In 2011, bat researcher Leonel Ayala told me about a cave at the eastern end of Lake Chapala near Jamay.
Since all the caves I’d ever seen near the lake were barely big enough to take shelter in, I didn’t expect to see much, but Leonel had brought along special equipment for observing bats in the dark and that, at least, seemed interesting.
To my surprise, a climb up a steeply inclined natural fissure led us to a big room in total darkness, eight meters high, with tunnels heading off left and right. By the time we left what was probably a combination cave and mine, we had found 118 meters of passages which took us hours to survey.
Although I am probably the first person to publish a detailed map of La Cueva de Toscano, I had no idea who the cave was named for until a few days ago, when I was contacted by Ignacio Moreno Nava, a researcher whose doctoral thesis is about Martín Toscano. Moreno explained to me that Toscano was the leader of a gang of bandits who were active between 1785 and 1795, principally along the southern shore of Lake Chapala. Although many legends focus on Toscano’s treasure and where it’s hidden, Moreno’s ten years of research suggested that Toscano was something more than just another bandido. Previously, other researchers have written on the subject, such as Ernesto Méndez Ruiz and Alvaro Ochoa Serrano.
Toscano was born in Atoyac, Jalisco on November 13, 1754, Moreno told me. “When he was around 30 he began to dabble in banditry. In time he became the captain of a gavilla, a group of men that carried out attacks and robberies, usually against Spaniards. Most typically, they would rob the Spaniards’ haciendas and, it is said, would then share their spoils with the poor, like Robin Hood. This is mentioned in some versions of the legend and lives on in oral versions to this very day, but so far has not been documented. On the other hand, from our research, it doesn’t look like Toscano’s gavilla was your typical ragtag band of ne’er-do-wells, but was well organized along military lines with officers and enlisted men. The documents we’ve uncovered suggest they were, in fact, a team training for a war they knew was coming: Mexico’s War of Independence.”
So it is that Toscano could be called the precursor of independence hero Miguel Hidalgo. He roamed all around southern Jalisco and part of Michoacán, but his main theater of operations was along the south side of Lake Chapala.
“Here we find numerous Cuevas de Toscano and we have identified over 120 Toscano incidents and hideouts,” Moreno said. “Some were caves, but most were just campsites. To get data about all this, we went to archives in Spain and Mexico City as well as here in Guadalajara and we are preparing academic publications on our findings.”
The most common legend about Toscano’s treasure is one that I, as a cave explorer, have heard dozens of times. If you want to find this immeasurable wealth, it is said, you must go off to the most remote place in the mountains all by yourself and at three in the morning shout out the name of Martín Toscano three times. If you do this, his ghost will appear right in front of you and tell you exactly where the cave is. Be careful, however, not to look the ghost right in the eye because if you do, you will go crazy. Now, having found the entrance, you walk into the cave and you find bags and bags of gold coins. How lucky I am, you say to yourself, but then a voice booms through the cave: “Todo o nada!” it says. You must carry out all the gold or you get nothing. If you leave behind any of it at all, you will fall under a curse which will cause the youngest member of your family to die.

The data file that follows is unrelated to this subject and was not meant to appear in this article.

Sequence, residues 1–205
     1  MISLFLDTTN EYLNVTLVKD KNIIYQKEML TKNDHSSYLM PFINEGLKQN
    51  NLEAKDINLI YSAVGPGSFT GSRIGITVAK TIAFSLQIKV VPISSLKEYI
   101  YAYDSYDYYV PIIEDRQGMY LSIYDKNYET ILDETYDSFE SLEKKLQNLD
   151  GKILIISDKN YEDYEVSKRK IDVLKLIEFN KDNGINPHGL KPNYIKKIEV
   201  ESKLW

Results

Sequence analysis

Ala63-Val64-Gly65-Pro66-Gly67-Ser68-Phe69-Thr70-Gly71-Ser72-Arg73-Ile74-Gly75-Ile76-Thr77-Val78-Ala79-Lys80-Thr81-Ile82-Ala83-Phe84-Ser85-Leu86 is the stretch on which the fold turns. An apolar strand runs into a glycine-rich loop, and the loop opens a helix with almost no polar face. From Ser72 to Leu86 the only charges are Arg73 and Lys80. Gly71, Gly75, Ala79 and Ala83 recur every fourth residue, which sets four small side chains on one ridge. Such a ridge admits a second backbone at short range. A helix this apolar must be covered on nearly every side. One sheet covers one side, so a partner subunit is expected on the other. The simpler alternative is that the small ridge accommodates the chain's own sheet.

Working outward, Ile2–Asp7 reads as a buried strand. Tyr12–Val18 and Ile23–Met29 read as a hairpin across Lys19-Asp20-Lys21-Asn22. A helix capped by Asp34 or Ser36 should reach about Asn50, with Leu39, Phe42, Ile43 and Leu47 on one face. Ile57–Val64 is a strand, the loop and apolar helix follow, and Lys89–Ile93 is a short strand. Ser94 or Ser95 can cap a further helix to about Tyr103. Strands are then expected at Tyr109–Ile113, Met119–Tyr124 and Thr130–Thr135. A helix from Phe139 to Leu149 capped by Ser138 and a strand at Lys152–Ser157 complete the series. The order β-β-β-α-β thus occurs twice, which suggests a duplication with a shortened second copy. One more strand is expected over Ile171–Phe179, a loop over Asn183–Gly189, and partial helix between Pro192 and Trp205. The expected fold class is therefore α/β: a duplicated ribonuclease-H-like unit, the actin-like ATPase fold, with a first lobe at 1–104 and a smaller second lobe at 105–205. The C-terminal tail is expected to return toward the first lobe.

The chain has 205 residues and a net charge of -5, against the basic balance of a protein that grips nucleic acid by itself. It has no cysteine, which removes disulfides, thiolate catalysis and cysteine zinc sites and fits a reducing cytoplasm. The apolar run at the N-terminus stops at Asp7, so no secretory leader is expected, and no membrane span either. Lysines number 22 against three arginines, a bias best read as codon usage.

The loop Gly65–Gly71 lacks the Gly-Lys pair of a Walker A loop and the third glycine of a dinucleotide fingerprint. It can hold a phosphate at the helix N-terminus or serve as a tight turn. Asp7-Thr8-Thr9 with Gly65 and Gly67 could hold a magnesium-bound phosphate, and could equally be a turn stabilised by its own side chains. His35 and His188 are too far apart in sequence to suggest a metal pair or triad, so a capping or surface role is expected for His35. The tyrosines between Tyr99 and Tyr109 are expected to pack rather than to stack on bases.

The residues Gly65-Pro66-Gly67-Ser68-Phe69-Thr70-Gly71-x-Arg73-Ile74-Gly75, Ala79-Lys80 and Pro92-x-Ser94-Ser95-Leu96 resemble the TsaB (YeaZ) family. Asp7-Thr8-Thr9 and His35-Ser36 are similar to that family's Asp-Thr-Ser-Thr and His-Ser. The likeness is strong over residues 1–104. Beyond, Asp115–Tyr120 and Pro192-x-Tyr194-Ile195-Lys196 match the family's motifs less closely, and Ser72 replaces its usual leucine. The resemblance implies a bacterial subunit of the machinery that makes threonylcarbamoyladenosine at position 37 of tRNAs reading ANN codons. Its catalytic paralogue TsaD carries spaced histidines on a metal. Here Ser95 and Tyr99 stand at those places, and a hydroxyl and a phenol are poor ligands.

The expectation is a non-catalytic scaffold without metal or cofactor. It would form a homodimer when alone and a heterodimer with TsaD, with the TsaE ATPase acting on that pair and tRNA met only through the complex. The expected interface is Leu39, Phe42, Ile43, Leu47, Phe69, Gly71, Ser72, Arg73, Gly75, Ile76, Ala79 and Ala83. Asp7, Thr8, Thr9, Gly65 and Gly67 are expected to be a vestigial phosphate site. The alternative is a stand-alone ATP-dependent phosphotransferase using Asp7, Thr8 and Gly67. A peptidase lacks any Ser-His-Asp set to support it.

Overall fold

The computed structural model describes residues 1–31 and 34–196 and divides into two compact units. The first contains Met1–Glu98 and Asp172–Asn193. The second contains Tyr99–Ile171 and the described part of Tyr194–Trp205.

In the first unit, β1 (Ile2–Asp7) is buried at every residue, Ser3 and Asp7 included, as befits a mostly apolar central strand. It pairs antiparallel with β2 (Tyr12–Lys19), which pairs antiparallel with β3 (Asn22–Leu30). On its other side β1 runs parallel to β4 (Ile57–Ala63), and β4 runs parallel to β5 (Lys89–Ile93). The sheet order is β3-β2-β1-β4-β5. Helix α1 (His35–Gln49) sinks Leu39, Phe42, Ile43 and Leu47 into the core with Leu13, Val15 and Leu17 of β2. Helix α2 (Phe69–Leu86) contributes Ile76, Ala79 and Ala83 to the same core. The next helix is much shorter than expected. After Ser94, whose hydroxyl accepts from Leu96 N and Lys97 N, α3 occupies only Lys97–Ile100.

Other legends abound on how Toscano and his men hid their treasure.
"Some of the documents we consulted say they would first follow a set of rituals,” Moreno told me. “They would, for example, bury their loot, murder one or two men and throw their bodies on top of the spot while reciting an incantation. In this ceremony they would use a bottle of sherry or a deck of Spanish playing cards as well as various rituals of what seems like black magic. Because the members of the gavilla included black slaves, Indians, meztizos and
deserters, it was a multicultural group, which favored this sort of interchange of beliefs.”
On top of all this, the legends also say that Toscano and his captains worked out a set of symbols – a sort of code – which they would scratch on the cave wall indicating some place nearby where they had hidden their loot. There is, to this day, a kind of Toscano fan club which spends a lot of time trying to figure out the inscriptions in order to find the treasure ... but would you believe they might come here all the way from Greece?
“It’s true,” Moreno said. “Mexican President Lazaro Cardenas brought a Greek to Jiquilpan, Michoacan, a certain Theodoro Pappatheodorou, to teach local people to use silkworms and some of Pappatheodorou’s countrymen heard the legend of Toscano’s treasure and came to Mexico from Greece in 1934 to look for it, which delighted local rancheros no end.”
So, dear reader, if you have spare time on your hands, dust off your metal detector and join in the hunt ... and may the ghost of Toscano guide you to untold riches — just remember not to look him in the eye!